Korean Honorifics:A Case Study Analysis ofKorean Speech Levelsin Naturally Occurring ConversationsJeong Yoon Ku2014A sub-thesis submitted as a requirement for the degree of Master ofApplied Linguistics in The Australian National University.
DeclarationTo the best of my knowledge, this thesis represents my own original research unlessotherwise acknowledged in the text.Jeong Yoon KuJuly, 2014
AcknowledgementsI would like to express my deep appreciation of the many wonderful people who helpedme and supported me throughout my research at ANU.First of all, I would like to express my greatest appreciation to my supervisor, Dr.Johanna Rendle-Short, who guided and supported me throughout the whole process ofmy research. She always gave critical comments on my research and encouraged me todevelop my ideas. Her course ‘Conversation Analysis’ gave me a chance to learn how tounderstand ‘conversation’. Without Dr. Rendle-Short’s advice and encouragement, Icould not have completed this thesis successfully.In addition, I would like to express my sincere appreciation to Prof. Catherine Travis,who advised and supported me academically and mentally. It would have been veryhard for me to progress in my research without her support.Teaching Korean at ANU gave me the valuable experience of doing my research whileapplying my knowledge and understanding to my interactions with Korean languagestudents. I would like to express my deep appreciation to the members of the KoreaInstitute, especially Prof. Hyaeweol Choi, Dr. Roald Maliangkay, and Dr. RuthBarraclough. In particular, Prof. Hyaeweol Choi’s support and valuable advice was veryhelpful, and motivated me to progress my research. Dr. Roald Maliangkay alwaysencouraged me during the process of my research and I especially appreciate hiskindness in sharing his precious time to read my thesis. It has been a great opportunityas well as a pleasure to work with him. Dr. Ruth Barraclough earned my gratitude forher excellent advice on my research as well as on Australian life. In addition, I remainextremely grateful and honoured to be a recipient of the Korea Foundation Postgraduate Fellowship.I would like to extend my deep appreciation to Mr. John Peak, who encouraged myinterest in the teaching of second languages. His endless support was the foundationwhich allowed me to begin my studies and my Korean teaching. My sincereappreciation also goes to Ms. Young Hea Chong for giving me a wonderful chance toteach Korean. It is always enjoyable to work with her.i
I would like to thank the members of the Discourse Analysis Group (DAG), especiallyElaheh Etehadieh, Clark Libby, Alison Miils, Yanyan Wang, Fariba Shirali, Theresa deCastella, Xujia Du, and Eriko Toma. I thank Ms. Laurie Durand for her valuablecomments and suggestions on my thesis. I am also grateful to all the speakers who werewilling to participate in this research by recording their conversations.During my studies at ANU, my friends enriched my life in Australia and helped me tomanage the harder times. I thank Eun-Joo Jung, who has always given her unconditionalsupport from Korea. Also, special thanks to my old friend Ms. Fusako Yoshinaga, whowas a good listener, gave me good comments, and is a great cook and gardener.I would like to give special thanks to my family, who have supported me this entire time.Finally, I cannot find the words to thank Yon Jae and Gitae, who have endlesslysupported me during my research and my life. Their love became the fundamentalsource which inspired me to persevere during my research at ANU.ii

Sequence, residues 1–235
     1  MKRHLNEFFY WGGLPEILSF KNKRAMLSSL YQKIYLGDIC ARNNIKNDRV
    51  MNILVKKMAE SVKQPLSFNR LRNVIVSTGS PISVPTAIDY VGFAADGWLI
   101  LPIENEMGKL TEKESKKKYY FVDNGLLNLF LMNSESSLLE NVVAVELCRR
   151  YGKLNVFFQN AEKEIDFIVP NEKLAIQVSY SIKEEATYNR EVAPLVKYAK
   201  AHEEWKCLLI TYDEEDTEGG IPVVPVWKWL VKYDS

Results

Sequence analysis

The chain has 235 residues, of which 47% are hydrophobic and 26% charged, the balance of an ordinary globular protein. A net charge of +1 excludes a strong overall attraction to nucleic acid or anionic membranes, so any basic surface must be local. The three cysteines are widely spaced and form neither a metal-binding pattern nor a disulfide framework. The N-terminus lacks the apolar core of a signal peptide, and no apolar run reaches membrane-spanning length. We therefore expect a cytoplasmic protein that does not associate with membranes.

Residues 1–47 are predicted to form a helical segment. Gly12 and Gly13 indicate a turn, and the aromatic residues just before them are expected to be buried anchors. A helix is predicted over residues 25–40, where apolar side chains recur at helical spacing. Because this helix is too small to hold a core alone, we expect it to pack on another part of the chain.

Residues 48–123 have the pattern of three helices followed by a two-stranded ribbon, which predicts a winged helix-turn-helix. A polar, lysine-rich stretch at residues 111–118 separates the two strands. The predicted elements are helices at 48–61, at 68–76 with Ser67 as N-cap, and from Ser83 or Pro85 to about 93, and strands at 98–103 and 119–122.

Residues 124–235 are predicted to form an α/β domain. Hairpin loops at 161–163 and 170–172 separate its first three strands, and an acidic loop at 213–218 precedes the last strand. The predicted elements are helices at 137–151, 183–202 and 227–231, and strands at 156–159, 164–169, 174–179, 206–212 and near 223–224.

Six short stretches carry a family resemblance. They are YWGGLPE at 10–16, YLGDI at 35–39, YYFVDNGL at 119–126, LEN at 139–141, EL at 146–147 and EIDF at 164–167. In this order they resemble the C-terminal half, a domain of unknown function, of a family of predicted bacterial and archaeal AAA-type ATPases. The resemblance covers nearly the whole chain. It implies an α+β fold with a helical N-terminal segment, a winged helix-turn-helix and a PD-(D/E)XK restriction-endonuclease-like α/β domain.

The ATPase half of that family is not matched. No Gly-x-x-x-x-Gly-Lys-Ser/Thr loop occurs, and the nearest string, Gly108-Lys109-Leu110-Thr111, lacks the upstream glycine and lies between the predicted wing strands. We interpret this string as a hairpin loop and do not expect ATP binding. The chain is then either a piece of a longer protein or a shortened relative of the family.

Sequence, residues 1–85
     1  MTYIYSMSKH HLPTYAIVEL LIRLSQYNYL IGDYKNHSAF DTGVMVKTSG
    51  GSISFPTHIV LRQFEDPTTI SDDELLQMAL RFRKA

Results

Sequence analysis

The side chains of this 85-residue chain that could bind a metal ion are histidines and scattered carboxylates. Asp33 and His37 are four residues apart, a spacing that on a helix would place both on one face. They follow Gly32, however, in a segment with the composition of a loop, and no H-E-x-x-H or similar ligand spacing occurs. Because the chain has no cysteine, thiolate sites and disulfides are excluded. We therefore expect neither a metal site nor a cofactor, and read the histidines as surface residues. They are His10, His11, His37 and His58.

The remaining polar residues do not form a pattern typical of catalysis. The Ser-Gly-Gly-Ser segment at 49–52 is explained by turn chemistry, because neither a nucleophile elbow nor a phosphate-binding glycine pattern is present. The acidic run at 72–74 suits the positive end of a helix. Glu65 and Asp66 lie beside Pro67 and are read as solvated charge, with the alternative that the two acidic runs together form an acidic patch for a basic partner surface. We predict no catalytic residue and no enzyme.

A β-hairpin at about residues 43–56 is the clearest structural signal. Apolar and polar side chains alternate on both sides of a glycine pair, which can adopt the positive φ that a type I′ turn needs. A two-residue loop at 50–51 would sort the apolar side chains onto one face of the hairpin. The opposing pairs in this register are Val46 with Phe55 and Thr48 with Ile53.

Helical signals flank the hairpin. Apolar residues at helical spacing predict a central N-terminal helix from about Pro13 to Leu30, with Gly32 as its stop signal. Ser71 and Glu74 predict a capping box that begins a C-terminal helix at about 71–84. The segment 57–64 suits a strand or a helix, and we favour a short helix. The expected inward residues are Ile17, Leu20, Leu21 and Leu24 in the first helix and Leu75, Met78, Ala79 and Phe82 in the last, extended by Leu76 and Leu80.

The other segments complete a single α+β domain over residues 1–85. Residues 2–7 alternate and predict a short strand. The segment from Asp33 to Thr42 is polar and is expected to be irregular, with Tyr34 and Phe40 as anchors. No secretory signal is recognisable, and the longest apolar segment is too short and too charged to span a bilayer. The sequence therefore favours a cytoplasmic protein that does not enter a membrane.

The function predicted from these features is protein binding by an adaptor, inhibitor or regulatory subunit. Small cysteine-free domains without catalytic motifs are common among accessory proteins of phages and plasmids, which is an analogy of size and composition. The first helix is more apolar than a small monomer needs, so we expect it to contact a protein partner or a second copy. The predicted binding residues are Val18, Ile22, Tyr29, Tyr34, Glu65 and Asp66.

AbstractThe Korean honorific system, one of the significant grammatical systems in Korean,indicates the hierarchical social status of participants and plays an essential role insocial interaction. For example, the speech levels are forms of sentence final suffixesattached to verbs and adjectives. They can be grammatically organized according tospeakers’ relationships. Speakers must choose among these verb endings and/orvocabulary items during every interaction. Therefore, the proper use of speech levels isa key factor in the expression of social identities, speakers’ interpersonal feelings, andrelationships.However, interpersonal feelings and relationships are hard to explain through actual useof speech levels. There are two aspects of interpersonal relationships between theparticipants in a conversation that affect the use of honorifics: vertical distance (gender,age) and horizontal distance (the degree of intimacy), and these two aspects ofinterpersonal relationships show the complexity of the use of speech levels.Because of the complexity of the use of speech levels, many Korean language learnersfeel that it is difficult to learn Korean speech levels. Several researchers have examinedKorean language textbooks and language teaching in terms of Korean honorifics. Theyhave pointed out several problems in current teaching materials and emphasized theimportance of pragmatic factors and the necessity of authentic data to fully reflect actualKorean honorific uses. Addressing these issues, the thesis demonstrates the need forteaching materials that introduce how honorific speech levels are used in naturallyoccurring conversation by showing the complexity of how one speaker can use andswitch among speech levels depending on the interlocutors or situations in theconversational interaction.iii